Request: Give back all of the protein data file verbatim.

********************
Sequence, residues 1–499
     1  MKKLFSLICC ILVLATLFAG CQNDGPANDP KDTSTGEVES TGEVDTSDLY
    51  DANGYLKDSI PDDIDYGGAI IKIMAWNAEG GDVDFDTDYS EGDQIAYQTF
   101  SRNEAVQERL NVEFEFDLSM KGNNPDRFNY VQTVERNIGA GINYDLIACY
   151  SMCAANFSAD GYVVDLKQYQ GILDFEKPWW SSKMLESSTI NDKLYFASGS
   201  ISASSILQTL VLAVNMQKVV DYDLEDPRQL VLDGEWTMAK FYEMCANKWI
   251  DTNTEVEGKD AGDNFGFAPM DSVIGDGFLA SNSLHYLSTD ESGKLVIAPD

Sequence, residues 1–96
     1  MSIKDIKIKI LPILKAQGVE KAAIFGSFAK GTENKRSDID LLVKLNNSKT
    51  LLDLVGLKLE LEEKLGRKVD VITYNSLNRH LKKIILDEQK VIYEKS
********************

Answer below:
Sequence, residues 1–499
     1  MKKLFSLICC ILVLATLFAG CQNDGPANDP KDTSTGEVES TGEVDTSDLY
    51  DANGYLKDSI PDDIDYGGAI IKIMAWNAEG GDVDFDTDYS EGDQIAYQTF
   101  SRNEAVQERL NVEFEFDLSM KGNNPDRFNY VQTVERNIGA GINYDLIACY
   151  SMCAANFSAD GYVVDLKQYQ GILDFEKPWW SSKMLESSTI NDKLYFASGS
   201  ISASSILQTL VLAVNMQKVV DYDLEDPRQL VLDGEWTMAK FYEMCANKWI
   251  DTNTEVEGKD AGDNFGFAPM DSVIGDGFLA SNSLHYLSTD ESGKLVIAPD

Sequence, residues 1–96
     1  MSIKDIKIKI LPILKAQGVE KAAIFGSFAK GTENKRSDID LLVKLNNSKT
    51  LLDLVGLKLE LEEKLGRKVD VITYNSLNRH LKKIILDEQK VIYEKS